- May 7, 2012
The problem with the Naim, as traditionally with a lot of British Hi-Fi, is that it doesn't really truly understand music. From my perspective (as a Brit BTW), music is something you feel rather than hear, but a lot of British manufactures go for detail for detail's sake. Very annoyingly British manufacturers are also very snobbish; I've been into Hi-Fi since the mid-70's and overseas Hi-Fi, particularly American, was then viewed (by the British Hi-Fi press and manufacturers) as being overly coloured and just not accurate (I believe that view still exists, although now it is not expressed). My own experience is just the opposite: I think British Hi-Fi sound's overly analytical and just doesn't seem to capture the essence of the music. I Have a Dac V1 and whilst seemingly it conveys the detail of the music and superficially the emotion, in reality it doesn't convey the performance at all. I much prefer the CI Audio kit I have which, in my opinion, genuinely conveys the musical performance. Just my 2 cents worth.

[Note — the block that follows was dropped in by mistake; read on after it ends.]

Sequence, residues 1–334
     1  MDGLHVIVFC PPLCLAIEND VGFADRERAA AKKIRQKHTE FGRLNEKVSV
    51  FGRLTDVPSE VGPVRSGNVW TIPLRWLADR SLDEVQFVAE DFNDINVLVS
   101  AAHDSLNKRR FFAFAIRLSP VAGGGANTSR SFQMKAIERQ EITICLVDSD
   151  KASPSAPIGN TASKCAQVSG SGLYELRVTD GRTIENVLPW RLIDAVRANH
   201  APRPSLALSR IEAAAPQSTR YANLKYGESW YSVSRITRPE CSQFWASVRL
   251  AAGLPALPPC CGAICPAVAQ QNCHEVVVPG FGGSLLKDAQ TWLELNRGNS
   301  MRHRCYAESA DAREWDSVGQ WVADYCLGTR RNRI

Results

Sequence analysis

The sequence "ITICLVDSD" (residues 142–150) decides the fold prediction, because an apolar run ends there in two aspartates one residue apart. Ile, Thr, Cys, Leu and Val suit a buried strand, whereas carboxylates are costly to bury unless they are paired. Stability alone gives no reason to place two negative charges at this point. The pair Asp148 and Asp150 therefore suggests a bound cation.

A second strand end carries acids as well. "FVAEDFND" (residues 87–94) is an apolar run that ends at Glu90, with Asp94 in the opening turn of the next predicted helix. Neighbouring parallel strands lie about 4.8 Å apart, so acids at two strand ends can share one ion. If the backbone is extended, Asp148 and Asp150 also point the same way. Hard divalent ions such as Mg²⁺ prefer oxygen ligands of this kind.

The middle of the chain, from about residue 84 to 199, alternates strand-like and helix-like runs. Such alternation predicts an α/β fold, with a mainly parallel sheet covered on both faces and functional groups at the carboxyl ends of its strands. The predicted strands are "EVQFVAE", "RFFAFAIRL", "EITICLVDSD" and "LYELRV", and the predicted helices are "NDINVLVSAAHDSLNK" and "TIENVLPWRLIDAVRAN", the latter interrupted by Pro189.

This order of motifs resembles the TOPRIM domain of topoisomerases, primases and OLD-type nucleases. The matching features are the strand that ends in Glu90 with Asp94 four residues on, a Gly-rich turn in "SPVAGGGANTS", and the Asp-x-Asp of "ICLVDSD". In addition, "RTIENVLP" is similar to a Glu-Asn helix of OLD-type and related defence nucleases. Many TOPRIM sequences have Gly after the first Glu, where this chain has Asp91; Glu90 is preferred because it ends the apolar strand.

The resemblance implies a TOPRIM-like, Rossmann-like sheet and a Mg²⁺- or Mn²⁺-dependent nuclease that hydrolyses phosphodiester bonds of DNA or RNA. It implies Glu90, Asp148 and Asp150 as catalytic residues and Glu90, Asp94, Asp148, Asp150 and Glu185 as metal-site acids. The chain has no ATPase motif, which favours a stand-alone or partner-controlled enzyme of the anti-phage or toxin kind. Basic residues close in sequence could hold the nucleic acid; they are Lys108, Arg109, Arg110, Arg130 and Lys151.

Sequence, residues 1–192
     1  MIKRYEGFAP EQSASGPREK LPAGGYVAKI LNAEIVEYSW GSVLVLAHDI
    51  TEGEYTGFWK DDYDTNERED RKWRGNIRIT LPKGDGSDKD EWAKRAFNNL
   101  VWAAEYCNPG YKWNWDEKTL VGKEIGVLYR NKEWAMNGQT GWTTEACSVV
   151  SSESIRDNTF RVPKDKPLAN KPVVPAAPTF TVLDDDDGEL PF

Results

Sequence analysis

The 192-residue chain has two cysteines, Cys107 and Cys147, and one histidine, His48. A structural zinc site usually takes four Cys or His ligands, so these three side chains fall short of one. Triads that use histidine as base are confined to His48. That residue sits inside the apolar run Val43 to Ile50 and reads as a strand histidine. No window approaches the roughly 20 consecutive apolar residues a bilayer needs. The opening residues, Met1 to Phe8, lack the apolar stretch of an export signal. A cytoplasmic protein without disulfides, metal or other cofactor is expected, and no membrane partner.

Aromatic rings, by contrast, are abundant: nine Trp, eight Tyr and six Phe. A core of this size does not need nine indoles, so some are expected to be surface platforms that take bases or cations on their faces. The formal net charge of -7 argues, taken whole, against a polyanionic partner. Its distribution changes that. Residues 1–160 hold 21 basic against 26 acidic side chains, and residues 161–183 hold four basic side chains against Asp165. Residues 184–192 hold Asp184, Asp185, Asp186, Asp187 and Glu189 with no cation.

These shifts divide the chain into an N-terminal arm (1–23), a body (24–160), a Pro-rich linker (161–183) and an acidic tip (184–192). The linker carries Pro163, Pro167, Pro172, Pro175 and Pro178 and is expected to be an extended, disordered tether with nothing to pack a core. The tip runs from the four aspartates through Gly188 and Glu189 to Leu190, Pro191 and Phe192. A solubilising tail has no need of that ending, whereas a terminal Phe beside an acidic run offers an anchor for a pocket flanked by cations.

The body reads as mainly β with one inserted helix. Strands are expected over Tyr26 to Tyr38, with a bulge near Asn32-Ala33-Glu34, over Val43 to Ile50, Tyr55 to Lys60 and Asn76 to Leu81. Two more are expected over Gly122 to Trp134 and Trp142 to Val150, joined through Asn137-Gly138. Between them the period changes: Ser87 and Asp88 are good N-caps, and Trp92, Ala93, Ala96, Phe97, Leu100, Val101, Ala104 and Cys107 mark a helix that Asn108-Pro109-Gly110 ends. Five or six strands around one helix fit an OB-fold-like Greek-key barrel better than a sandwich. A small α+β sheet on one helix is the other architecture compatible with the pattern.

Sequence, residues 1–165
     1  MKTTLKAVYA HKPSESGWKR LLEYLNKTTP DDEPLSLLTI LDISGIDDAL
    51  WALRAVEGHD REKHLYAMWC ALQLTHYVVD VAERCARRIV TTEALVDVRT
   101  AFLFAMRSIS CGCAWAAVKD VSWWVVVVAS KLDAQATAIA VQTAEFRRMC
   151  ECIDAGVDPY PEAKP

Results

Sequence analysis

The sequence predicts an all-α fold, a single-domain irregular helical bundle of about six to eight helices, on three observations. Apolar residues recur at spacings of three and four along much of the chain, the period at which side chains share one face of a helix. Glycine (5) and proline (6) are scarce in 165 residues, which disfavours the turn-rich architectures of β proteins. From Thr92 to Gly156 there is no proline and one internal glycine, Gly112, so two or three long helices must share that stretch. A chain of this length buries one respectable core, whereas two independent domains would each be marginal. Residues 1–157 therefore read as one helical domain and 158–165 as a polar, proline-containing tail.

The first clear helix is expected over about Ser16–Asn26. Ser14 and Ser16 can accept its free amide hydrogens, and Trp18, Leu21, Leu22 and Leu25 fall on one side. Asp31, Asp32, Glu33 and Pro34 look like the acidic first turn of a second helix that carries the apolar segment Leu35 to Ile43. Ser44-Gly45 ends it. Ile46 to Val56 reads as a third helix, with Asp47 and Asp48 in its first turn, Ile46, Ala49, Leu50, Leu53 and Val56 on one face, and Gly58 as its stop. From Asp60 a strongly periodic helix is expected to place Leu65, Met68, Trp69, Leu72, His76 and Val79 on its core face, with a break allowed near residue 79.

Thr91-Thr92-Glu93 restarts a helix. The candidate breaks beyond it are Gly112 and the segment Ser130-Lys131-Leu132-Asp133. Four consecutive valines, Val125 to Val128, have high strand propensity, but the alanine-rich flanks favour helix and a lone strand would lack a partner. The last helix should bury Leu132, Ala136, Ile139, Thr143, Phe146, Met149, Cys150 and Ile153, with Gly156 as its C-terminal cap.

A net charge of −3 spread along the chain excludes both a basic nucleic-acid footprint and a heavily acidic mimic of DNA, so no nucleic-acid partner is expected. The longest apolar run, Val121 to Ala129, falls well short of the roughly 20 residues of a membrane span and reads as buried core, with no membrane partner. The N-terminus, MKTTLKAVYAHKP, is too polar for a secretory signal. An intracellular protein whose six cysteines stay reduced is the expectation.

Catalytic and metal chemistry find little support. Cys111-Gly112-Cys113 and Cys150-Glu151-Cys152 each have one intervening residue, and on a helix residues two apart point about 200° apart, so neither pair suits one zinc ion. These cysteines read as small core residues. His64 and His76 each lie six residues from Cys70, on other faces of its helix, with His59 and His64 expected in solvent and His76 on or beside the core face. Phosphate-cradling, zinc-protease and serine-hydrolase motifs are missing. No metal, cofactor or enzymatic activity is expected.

It all depends on what type of item it is. Quite a few British DACs have gone for overly clinical sounding DAC chips. But DACs like the Rega have struck a good balance between detail and musicality with its Wolfson chip. And that chip itself is British.
But when it comes to turntables, the coloured sounding LP12 has been all the rage for many in the British press. I had to get rid of mine within a month of buying it. I just couldn't play any of my reggae, House, or Drum&Bass on it. The bass was devoid of force.
I had a quick listen to the Naim at a recent meet. I tried some of my own test tracks and I have to say that I won't be saving up for one. The Benchmark makes a better effort in trying to be clinical if that is your thing. But neither perform well in the bass stakes as far as my own taste is concerned.